My Cup Runneth Over

 

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I find myself in the place where life is offering me both olive branches and snakes.

Be careful what you reach for.

There is joy and sorrow. Peace and distress.

I find myself in the place where I am most grateful for the fact that I have too much to be grateful for.

When I look at the big things, the small things, the basic things, the superfluous things…I am amazed.

My cup is so full, it overflows. Regardless of everything else, I am thankful for that.

And I am thankful for you, my friends.

I absolutely must give a special shout-out to all those who showed up to support me last week for the release of my new book. I’m truly touched. Thank you.

 

Wishing a Happy Thanksgiving to my fellow US bloggers.

 

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Disappearing Into the Ethernet

 

It’s an unspoken rule that you don’t just disappear from social media. You don’t remove your blog or delete your Twitter and Facebook account without warning. You don’t keep those accounts and abandon them. ThoughtBubble

Why? Because we have made connections.

Maybe I made this rule up because, of course, many people do disappear. But a lot don’t. They announce they won’t be on Twitter or are taking a break from blogging. They often give a reason, too: computer problems, internet connection, poor health, family stuff, personal issues, going on vacation, “just need a break”…

The “social” in social media is strange. I’ll confess to checking on people (discreetly—in DMs or emails) if I notice they’ve gone AWOL, and it truly is out of concern. I’m not trying to pry and yet, I wonder, is this appropriate? I think it depends on your relationship with the person.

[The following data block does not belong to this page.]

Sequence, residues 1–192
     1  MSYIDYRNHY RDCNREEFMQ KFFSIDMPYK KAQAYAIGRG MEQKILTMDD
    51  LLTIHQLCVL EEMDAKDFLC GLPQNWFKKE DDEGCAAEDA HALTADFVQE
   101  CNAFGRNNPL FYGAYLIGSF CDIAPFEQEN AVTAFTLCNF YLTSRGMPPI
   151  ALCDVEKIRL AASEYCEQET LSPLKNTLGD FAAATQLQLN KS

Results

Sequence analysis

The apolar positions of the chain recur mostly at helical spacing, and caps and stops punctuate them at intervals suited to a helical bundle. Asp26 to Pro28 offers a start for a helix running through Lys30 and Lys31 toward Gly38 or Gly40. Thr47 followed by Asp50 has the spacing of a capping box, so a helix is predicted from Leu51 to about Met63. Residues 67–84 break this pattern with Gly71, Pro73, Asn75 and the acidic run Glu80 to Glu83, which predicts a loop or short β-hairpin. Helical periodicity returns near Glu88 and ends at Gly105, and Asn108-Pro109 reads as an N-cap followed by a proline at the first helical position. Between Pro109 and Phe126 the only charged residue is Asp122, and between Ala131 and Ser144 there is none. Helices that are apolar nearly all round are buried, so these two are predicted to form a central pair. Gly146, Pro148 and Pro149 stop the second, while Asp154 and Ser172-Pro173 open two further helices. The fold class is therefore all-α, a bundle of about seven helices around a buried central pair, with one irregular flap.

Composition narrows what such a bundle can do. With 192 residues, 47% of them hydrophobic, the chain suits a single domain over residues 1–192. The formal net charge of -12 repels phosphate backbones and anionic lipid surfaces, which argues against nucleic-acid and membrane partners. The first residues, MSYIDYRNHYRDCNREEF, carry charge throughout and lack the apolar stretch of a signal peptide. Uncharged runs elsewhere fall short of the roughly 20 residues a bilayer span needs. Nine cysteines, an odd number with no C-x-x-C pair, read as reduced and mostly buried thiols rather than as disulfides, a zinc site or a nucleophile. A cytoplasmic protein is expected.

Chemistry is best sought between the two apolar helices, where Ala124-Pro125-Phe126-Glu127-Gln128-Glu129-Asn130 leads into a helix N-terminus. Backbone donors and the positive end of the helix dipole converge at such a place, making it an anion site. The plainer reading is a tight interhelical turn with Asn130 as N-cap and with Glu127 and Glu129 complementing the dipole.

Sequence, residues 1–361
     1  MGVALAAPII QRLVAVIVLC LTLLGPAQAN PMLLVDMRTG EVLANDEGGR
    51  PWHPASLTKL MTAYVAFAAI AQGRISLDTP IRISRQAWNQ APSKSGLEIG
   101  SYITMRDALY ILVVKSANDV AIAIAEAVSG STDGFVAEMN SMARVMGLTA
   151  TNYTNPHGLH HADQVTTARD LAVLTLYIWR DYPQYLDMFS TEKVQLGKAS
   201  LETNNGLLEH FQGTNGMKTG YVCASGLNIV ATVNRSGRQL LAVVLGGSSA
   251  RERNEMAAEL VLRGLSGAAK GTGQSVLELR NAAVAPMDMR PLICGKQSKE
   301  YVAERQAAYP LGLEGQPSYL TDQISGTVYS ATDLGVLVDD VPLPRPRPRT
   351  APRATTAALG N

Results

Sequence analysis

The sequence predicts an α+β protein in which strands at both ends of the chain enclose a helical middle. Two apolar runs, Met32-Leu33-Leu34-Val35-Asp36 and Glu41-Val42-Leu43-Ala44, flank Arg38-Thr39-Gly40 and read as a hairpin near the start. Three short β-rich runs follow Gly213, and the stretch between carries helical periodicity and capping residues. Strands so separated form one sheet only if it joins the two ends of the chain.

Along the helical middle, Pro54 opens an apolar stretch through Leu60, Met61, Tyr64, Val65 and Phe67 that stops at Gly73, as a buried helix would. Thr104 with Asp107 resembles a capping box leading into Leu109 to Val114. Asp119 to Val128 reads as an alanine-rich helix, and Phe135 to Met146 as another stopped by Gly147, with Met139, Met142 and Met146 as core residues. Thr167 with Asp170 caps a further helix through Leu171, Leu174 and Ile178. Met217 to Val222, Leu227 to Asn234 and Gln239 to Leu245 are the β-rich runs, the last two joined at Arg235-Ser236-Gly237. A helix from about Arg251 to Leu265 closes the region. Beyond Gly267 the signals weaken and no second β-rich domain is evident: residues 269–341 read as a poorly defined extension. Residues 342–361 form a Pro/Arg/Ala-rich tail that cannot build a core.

This is something I’ve been thinking about a lot lately. When did we become so attached to our cyber friends? How do we define online friendships?

How much do we owe our readers and followers? Our facebook friends and tweeps? Why do we feel we must give an explanation for our sudden disappearance?

 

My Sunday thoughts in 200 words or less.

 

Sugar Mountains

 

Yesterday, I got a text at 8 AM.

It said:

Do you remember making me a sugar mountain in college for my twentieth birthday? Doesn’t seem that long ago.

To which I responded:

Oh my gosh! I forgot about that!

I didn’t. I loved it. It’s a very clear memory.

I can’t believe your baby will be twenty today.

I know. I’m going to make him a sugar mountain.

This is making me cry.

Weird what things in life end up special memories. A paper cone with sugar packets stuck on it is forever in my memory and now (maybe) his. See what you did? You started a tradition. I’ll never forget that. Thank you.

I did, indeed, tape a piece of paper together to make a cone and staple sugar packets on it. Why? Because you can’t be twenty on sugar mountain. (Also, we loved Neil Young.) My best friend was leaving sugar mountain and I wasn’t. I wanted her to have a place she could return to if she wanted. That sculpture stayed up in our dorm room like a trophy for months.

I also unintentionally started a tradition. Yesterday, twenty-three years later, she made a sugar mountain for her son.

It isn’t always the big things (weddings, funerals, et al.) that make memories. You never know what will stay with someone, what will become a cherished memory. Sometimes it’s the smallest acts, the simple stapling of sugar packets to a paper cone.

Her last text message said:

Your boys are still there. I’ll remember to send them sugar mountains.

 

My random thoughts in 200 words or less.
(Excluding the texts—which I’m not counting. Yes, I’m cheating.)